A House Republican plans to introduce a bipartisan bill to ban the device used by the Las Vegas shooter. Rep. Carlos Curbelo (R-Fla.) will submit legislation prohibiting the sale of bump stocks, the mechanism that makes semi-automatic weapons fire more like a machine gun.
This sort of legislation has gathered bipartisan support very quickly over the last several days in the aftermath of the horrific violence on the Vegas strip Sunday. Rep. Curbelo hopes to file a bill in the next day or two, his spokesperson Joanna Rodriguez said Wednesday.
Fellow GOP leaders on Capitol Hill have made it clear that they don’t plan on establishing comprehensive gun control reforms as a response to the Las Vegas shooting. But some have expressed an openness to looking at banning the use of bump stocks. Curbelo is just one of a growing number of GOP leaders who have expressed support for banning such devices.
Sunday’s mass shooting, the deadliest in modern U.S. history, left 59 dead and more than 500 wounded.
The chairman of the Homeland Security Committee in the Senate, Ron Johnson (R-Wis.), said that he would likely support this kind of bill banning bump stocks. This device works by using the recoil of a semi-automatic gun. Current law already prohibits the purchase of fully automatic weapons manufactured after 1986.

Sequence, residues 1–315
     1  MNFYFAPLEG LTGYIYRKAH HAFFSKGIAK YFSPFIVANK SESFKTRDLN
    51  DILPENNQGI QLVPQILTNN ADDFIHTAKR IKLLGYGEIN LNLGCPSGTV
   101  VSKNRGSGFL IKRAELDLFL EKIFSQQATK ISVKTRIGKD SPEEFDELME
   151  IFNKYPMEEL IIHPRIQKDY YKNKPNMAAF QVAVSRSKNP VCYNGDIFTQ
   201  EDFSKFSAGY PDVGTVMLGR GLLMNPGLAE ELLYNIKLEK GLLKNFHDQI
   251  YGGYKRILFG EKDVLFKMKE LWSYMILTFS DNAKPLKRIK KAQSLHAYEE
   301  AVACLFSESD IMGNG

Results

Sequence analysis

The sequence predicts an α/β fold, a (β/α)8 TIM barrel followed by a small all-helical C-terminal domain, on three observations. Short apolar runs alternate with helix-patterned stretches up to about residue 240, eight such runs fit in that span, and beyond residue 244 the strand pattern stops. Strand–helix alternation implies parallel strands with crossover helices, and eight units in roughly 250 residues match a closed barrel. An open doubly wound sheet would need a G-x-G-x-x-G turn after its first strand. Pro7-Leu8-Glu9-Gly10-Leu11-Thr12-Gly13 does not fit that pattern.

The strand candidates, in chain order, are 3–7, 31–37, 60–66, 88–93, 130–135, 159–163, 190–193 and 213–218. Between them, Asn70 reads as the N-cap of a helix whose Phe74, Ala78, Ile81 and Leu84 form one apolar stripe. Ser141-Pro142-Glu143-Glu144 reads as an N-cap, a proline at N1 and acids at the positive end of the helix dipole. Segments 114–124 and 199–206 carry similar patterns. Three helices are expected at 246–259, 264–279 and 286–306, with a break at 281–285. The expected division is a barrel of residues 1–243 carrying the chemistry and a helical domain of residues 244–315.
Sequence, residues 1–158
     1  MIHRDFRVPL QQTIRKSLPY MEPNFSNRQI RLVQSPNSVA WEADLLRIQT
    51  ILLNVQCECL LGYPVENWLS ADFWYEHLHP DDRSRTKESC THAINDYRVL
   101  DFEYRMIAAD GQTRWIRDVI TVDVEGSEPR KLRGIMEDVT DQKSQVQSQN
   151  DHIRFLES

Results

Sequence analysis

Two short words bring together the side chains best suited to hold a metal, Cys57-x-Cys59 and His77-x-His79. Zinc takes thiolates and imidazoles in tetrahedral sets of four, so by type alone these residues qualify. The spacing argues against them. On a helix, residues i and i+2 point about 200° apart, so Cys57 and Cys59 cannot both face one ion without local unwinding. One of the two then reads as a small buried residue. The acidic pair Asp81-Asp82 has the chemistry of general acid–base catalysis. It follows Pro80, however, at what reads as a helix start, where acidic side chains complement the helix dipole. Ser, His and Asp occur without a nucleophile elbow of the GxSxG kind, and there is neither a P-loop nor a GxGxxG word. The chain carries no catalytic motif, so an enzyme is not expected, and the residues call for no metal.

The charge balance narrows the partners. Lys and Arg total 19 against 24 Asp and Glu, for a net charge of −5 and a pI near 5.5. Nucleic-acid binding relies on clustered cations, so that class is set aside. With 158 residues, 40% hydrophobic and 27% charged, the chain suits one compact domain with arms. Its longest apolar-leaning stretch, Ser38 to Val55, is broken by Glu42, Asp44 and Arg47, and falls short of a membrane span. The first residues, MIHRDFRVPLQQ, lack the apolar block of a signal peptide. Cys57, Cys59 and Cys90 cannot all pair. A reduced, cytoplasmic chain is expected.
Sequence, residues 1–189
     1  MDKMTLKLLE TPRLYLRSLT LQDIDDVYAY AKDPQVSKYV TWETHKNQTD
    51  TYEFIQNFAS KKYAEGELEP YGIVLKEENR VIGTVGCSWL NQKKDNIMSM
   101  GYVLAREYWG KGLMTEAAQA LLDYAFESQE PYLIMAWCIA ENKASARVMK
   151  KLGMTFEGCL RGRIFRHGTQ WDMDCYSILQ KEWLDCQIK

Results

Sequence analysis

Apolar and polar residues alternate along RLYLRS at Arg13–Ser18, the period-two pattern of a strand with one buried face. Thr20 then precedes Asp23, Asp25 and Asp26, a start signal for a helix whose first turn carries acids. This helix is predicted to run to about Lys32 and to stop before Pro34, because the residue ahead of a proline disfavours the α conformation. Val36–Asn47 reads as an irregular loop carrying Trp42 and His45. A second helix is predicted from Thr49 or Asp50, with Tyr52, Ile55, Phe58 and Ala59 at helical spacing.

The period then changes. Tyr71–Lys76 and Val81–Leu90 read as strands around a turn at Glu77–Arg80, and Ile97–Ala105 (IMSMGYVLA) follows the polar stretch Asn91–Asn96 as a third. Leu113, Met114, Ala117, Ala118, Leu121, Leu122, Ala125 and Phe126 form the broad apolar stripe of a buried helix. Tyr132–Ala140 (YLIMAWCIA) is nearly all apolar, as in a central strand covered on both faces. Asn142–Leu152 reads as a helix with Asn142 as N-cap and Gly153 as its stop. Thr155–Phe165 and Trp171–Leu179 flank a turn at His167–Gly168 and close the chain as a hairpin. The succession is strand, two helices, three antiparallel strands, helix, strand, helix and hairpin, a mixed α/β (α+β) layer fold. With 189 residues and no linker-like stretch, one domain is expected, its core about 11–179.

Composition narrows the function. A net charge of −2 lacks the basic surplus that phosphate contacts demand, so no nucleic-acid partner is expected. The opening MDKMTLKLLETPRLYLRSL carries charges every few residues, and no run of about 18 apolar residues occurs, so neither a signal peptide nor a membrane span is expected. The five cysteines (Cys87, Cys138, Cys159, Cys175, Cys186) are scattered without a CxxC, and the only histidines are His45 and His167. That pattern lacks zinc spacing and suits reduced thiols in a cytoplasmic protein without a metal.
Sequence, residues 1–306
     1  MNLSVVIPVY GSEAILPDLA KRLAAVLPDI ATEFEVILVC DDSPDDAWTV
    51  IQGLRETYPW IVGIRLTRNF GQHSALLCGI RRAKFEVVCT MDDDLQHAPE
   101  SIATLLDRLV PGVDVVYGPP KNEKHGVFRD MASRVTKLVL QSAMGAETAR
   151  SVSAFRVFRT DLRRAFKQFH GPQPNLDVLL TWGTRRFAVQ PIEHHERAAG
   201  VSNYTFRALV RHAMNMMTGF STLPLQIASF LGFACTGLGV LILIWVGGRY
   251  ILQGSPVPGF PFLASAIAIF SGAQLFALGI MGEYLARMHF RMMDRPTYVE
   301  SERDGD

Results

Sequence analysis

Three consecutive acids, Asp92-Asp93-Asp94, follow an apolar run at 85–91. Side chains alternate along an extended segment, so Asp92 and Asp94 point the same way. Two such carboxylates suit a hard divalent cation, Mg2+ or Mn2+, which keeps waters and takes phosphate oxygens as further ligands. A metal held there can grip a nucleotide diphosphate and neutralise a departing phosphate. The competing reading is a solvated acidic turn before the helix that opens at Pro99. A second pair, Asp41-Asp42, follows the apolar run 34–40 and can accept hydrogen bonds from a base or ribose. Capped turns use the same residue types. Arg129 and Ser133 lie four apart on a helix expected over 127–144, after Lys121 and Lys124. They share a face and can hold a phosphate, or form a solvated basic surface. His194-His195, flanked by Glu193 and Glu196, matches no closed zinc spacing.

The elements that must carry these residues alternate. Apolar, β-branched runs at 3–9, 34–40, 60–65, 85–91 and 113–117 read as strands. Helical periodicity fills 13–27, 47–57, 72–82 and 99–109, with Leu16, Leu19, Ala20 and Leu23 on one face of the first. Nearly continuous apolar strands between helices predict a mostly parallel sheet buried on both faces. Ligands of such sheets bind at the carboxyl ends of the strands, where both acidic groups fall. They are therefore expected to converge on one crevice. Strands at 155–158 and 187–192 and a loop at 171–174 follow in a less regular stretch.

“The fact that fully-automatic weapons are already illegal and this makes another weapon capable [of automatic fire], I would be supportive of that,” Johnson said.
Rep. Bill Flores (R-Texas), a former Republican Study Committee chairman and gun owner, also gave support for the idea.
“I think they should be banned. There’s no reason for a typical gun owner to own anything that converts a semi-automatic to something that behaves like an automatic,” Flores said.
Many Democrats in both the House and the Senate have already introduced bills to ban bump stocks. The ranking Democrat on the Senate Judiciary Committee, Sen. Dianne Feinstein (Calif.), has led the charge on legislation in the upper chamber. She has been joined by Rep. David Cicilline (D-R.I.) and Dina Titus (D-Nev.), who represents Las Vegas. They introduced similar legislation on Wednesday.
“No person should possess a device that turns a semi-automatic rifle into the equivalent of a machine gun,” Cicilline said in a statement.
Do you think this new bill is going to get a significant amount of bipartisan support? Do you think that it should?
Credit: The Hill